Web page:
I frequently try to remind everyone who comes within earshot of my love of the Ganbare Goemon series. I barely even knew it was a series until adulthood, but I was first introduced to it in my youth. Legend of the Mystical Ninja was one of the small handful of Ganbare Goemon games that we actually received in North America, and it was a favorite of mine to rent and play with my mother.
It was, well, mystifying to my young mind. It was long before Japanese culture seeped into my consciousness, so concepts like Yokai, mechanical Ninjas, and the geography of Japan were completely (heh) foreign to me. But it was amazing! There’s so much to explore and do. The number of side activities is dizzying.
But, I’m getting ahead of myself. Let’s celebrate the successes of Legend of the Mystical Ninja, recognize its failures, and opine the fact that the West got shafted when it comes to Ganbare Goemon games.
Legend of the Mystical Ninja is the third game in the core Ganbare Goemon series, technically. It’s also sort of the fifth title in the franchise, but if you remove the RPG Ganbare Goemon Gaiden, and the arcade title Mr. Goemon, it’s the third. It’s also the first one on the SNES, and this was released in 1991, and also this is Konami, so they tried to pack in as many graphical tricks as possible.
The story starts off with Goemon and Ebisumaru (I’m sorry, the translation refers to them as Kid Ying and Doctor Yang, which is borderline offensive, so I’m not going to call them that) as they investigate a ghostly occurrence. This snowballs to the point where they’re traveling all over Japan to save the princess. That may sound routine, but this was really the first time Ganbare Goemon delved into save-the-princess territory. First, Goemon was trying to stop an evil Daimyo, then they were out to steal a treasure, so this is sort of the first time that Goemon was depicted as a hero, rather than a noble thief.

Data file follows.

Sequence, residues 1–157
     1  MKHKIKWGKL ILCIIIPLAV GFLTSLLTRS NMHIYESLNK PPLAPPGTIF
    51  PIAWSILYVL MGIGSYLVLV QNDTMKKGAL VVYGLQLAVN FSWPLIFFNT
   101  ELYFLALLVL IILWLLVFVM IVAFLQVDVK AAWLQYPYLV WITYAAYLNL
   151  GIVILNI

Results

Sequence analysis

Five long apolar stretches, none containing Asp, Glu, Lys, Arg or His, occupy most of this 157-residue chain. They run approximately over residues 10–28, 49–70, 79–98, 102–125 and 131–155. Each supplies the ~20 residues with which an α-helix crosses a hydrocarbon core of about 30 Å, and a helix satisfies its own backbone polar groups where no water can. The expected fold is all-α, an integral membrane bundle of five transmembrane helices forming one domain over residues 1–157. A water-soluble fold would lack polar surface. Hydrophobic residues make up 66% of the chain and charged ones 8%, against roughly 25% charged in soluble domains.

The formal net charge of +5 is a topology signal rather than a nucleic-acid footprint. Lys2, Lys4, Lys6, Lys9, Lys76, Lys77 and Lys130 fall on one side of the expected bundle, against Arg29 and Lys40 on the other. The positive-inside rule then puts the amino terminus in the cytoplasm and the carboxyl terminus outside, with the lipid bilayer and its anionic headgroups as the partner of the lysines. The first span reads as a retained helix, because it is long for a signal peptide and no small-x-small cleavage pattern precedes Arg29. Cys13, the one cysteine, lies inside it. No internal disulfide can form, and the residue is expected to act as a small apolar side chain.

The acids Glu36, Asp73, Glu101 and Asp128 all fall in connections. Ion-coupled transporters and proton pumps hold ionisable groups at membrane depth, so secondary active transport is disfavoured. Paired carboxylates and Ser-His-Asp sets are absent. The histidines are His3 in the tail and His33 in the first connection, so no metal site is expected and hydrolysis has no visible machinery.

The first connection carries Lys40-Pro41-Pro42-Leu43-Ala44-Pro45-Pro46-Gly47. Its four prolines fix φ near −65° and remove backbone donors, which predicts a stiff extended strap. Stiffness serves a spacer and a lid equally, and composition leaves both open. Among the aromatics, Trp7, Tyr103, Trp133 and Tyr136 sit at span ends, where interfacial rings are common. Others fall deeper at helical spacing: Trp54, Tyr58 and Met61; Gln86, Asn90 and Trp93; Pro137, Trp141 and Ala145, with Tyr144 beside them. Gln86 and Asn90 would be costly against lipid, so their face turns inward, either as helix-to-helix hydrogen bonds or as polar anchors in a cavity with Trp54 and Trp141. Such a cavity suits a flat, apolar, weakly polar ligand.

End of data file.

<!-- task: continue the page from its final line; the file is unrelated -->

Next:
The progression of Legend of the Mystical Ninja is rather unusual, to say the least. The first game had a rigid “find three passes to finish the level” structure, the second sometimes dropped that in favor of boss battles, but here, there’s no solid end to a level. Sometimes, you’re whisked away after beating a boss, but other times you quite literally have to go to the travel agency and book a trip to the next area.
Otherwise, the actual gameplay is similar to the Famicom Ganbare Goemon games. You run through towns and people attack you. Dropped is the necessity of finding invisible holes in the ground, but added is sidescroller levels. Rather than just being a strange perversion of the beat-’em-up formula, there’s actual platforming required here. It’s interesting how they went with this, but it was a few months until The Legend of Zelda: A Link to the Past would hit, and the series wouldn’t copy that template until the third SNES title.
It works, though, even in co-op. A feature was added where one player could mount the other. This means you can carry players less skilled in the ancient art of landing in the right spot over tricky areas. It’s especially important in taller platforming sections, because if one player falls over the other player’s screen, it’s instant death. Being joined at crotch and back means that you fall together and no one dies.